letter from the editor
To the readers of honey & lime:
At the time of writing this editorial, it has been over a week after the worst act of terrorism in my country, New Zealand/Aoteaora. It’s hard to fathom the impact this atrocity has (and will have) on New Zealanders, and in particular Muslim New Zealanders, as we are a country with a small population – so we will all know someone, or know of someone, directly affected by the event.
In the immediate aftermath, like many of our readers would have done, I turned to poetry to find comfort and hear the voices of writers: Fatimah Asghar, Kaveh Akbar, Hanif Abdurraqib, Momtaza Mehri and Ahmed Zaoui. Lately, I have been reading essays from New Zealand Muslims and their experiences in our country, and their understanding of events. In the coming months, it will be important to act as audience to the experiences of those closest to events in Christchurch – and to understand the grieving process takes time and to honour that.
I am so grateful that creative people give their time and attention to speaking to the difficult issues and to the topics of living - the sweet and the sour - those who shape words and images and make us feel something. And I am grateful for the spaces, such as honey & lime, where we can find these words and images and spend an hour or a day or a year with these feelings. That there is this space to celebrate the parts of ourselves that make us unique, and the parts of ourselves that make us united. That in our diverse community of writers, visual artists and creators we are able to bring visibility to our experiences, gain insight and empower others.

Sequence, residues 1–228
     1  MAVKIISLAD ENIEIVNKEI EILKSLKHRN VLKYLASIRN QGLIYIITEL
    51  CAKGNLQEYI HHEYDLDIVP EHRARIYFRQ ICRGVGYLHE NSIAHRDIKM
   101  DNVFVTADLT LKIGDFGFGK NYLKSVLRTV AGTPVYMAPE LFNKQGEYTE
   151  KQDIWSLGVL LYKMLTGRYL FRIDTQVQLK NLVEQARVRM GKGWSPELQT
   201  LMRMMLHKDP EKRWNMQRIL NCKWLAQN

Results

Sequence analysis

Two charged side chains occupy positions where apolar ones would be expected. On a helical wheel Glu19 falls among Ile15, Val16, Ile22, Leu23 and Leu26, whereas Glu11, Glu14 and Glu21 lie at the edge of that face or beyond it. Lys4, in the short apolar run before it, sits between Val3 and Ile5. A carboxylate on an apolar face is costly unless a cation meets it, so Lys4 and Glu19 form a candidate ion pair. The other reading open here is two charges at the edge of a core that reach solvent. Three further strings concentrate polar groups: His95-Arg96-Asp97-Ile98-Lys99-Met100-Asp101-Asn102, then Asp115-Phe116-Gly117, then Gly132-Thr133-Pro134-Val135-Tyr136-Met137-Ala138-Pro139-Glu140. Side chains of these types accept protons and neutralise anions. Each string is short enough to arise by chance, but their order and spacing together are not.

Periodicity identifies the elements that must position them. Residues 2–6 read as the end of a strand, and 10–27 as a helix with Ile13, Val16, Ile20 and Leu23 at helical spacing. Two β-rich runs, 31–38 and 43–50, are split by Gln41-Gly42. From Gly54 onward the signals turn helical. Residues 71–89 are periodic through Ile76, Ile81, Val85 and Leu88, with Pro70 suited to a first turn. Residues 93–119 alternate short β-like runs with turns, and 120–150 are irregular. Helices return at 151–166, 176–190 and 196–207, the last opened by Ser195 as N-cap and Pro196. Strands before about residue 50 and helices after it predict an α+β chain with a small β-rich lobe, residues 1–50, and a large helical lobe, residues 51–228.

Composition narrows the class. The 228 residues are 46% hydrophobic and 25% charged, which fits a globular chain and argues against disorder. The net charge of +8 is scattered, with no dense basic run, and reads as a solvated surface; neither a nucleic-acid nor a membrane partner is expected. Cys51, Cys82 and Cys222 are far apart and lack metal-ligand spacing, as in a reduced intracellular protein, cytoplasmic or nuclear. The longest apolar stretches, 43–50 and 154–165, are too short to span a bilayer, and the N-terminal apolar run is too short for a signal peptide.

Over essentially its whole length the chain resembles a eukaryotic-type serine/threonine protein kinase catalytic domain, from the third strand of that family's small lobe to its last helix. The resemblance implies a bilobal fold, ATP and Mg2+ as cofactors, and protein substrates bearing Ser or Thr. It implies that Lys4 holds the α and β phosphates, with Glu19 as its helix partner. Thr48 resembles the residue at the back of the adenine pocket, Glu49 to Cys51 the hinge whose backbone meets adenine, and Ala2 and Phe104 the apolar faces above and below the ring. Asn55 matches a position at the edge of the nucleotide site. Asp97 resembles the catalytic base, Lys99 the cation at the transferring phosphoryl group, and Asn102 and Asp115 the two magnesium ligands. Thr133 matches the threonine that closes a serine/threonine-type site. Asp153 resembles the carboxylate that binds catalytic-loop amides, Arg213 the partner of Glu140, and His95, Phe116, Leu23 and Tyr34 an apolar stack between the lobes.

For the April 2019 issue of honey & lime we received over 300 submissions and as a new team of genre editors, along with Wanda, it has been a privilege and honour to read and immerse ourselves in the brave voices that have entered our inbox throughout the submissions period.
I felt these words so strongly from Adedayo Adeyemi Agarau: “with the grief trapped in the ship of its own sea” and I wandered through the light and shade and spaces of opportunity in Haley Winkle’s photography. I found strength in Virginia Eggerton’s: “You don’t know this word yet, but you will” and Paige N. Price gave me hope: “Sometimes we flip the switch. Sometimes, someone does it for us.” And Marie Ostendorf-LeClair’s words, “constellations collect / small pockets / of daylight”, allowed me to dream and open myself up to imagination.
As a new team, we are all uplifted and full of joy in this issue of honey & lime. We would like you to enjoy these pages and find comfort and solace and inspiration. We hope these words and images continue to help you heal and find hope.
In New Zealand/Aotearoa, many people have been using the Maori expression, Kia Kaha (meaning stay strong) in the aftermath of the Christchurch attack as a united and positive response – so to all readers of honey & lime, we say: Kia Kaha.
honey & lime literary magazine